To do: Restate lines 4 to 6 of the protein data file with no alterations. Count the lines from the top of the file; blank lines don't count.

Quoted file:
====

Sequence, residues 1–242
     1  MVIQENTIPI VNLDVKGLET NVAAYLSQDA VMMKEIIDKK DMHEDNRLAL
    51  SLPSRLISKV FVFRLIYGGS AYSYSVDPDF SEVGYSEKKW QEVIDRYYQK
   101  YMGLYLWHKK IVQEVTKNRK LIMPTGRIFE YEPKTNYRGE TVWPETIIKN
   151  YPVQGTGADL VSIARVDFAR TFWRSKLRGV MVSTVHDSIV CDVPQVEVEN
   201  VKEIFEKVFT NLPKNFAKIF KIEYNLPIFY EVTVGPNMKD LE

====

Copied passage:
   101  YMGLYLWHKK IVQEVTKNRK LIMPTGRIFE YEPKTNYRGE TVWPETIIKN
   151  YPVQGTGADL VSIARVDFAR TFWRSKLRGV MVSTVHDSIV CDVPQVEVEN
   201  VKEIFEKVFT NLPKNFAKIF KIEYNLPIFY EVTVGPNMKD LE